1244 NORTH STATE STREET
My dear Miss Addams:
I have your letter in regard to Governor Cox. It is a disappointment to me and I know it will be to him, as he is most anxious to have your support. I agree with you entirely that it would have been a most heartening and encouraging thing if the Democratic Convention had repudiated Mr. Palmer and all his works, but I have come to the conclusion that it is naive to think that great bodies of people, where every point of view is represented, will take extreme action, and I am very glad to know at least that there was never a possibility of the Democratic Party nominating Mr. Palmer for the presidency.
Governor Cox's own record on freedom of speech and ↑right↓ of assembly is very fine, as you undoubtedly know. I am writing for a pamphlet which covers this to be sent you. I believe that if he is elected he will be fair, generous and sane, and that a great deal of the radical and natural discontent in the country today will be done away with. and As you say, his program for labor legislation and his general attitude toward social questions is extraordinarily fine.
I did not get back to Chicago until the Third Party Convention was over, for which I am very sorry, as I should liked to have an opportunity of seeing what I really think of it. I cannot seem to make myself [page 2] believe the Farmer Labor Party is, at any rate at the present moment, of importance in politics. The Farmer end of it seems to me to be very weak, and the Labor end of it entirely an attempt at a control of organized labor. I feel that it is a great pity that the apparent result of their Convention was not a real amalgamation of "hand and brain" labor, as I believe an active radical minority would have had a splendid effect on both parties, and might, in time, have grown into something important. Of course this may do that, but at the present time I seem to have no desire to join it.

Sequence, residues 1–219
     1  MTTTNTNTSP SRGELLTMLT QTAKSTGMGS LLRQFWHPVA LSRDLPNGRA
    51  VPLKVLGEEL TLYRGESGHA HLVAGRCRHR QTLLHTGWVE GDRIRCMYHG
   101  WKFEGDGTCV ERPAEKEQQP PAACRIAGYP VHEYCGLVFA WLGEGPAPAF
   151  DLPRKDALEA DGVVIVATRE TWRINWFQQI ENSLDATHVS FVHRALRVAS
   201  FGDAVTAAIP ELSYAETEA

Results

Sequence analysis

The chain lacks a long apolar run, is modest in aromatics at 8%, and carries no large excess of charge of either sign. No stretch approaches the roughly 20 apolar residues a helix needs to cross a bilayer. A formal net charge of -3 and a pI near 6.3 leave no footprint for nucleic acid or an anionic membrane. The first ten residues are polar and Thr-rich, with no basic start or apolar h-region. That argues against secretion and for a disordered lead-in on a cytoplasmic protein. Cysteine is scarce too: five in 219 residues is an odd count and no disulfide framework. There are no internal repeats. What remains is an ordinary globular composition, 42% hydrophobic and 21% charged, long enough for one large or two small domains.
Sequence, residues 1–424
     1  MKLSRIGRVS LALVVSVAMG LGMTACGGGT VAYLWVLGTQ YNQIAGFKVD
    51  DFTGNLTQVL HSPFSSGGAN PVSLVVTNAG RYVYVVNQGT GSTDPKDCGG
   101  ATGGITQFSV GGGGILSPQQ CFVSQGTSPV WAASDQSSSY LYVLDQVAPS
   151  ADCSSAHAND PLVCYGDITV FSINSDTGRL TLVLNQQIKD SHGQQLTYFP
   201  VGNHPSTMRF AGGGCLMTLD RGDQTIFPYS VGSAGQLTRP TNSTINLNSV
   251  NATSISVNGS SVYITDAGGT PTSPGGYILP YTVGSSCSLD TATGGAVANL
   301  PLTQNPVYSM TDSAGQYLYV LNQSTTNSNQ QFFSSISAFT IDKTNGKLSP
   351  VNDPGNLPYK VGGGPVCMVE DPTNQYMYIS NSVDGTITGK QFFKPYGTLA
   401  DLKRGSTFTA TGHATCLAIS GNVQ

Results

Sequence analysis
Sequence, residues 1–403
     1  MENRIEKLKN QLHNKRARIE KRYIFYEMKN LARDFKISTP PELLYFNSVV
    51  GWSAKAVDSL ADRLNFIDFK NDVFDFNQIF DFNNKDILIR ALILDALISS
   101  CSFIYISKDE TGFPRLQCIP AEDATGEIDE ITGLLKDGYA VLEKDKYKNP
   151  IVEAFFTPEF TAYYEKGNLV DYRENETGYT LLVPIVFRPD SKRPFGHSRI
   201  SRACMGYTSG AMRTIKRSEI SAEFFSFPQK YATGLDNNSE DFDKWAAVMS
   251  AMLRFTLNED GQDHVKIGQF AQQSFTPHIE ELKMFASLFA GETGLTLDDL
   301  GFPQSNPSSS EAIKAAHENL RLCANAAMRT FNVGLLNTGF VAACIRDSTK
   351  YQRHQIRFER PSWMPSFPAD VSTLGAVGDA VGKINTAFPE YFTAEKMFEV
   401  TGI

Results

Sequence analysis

Please telephone me when you come back to Chicago and let me come in to talk to you. I am taking Janet east to college on the twenty-second, and expect to go into Connecticut to speak for Homer Cummings, and into New Hampshire to speak for Ray [Stevens], so I shall probably not get home again until sometime in the early part of October. I hope you ↑will↓ come back from the west before I start for the east. Thank you very much for your congratulations on my articles in the Chicago Evening Post. They were very light, I thought, but it was great fun doing them. I think journalism is probably where I belong.
Janet A Fairbank [signed]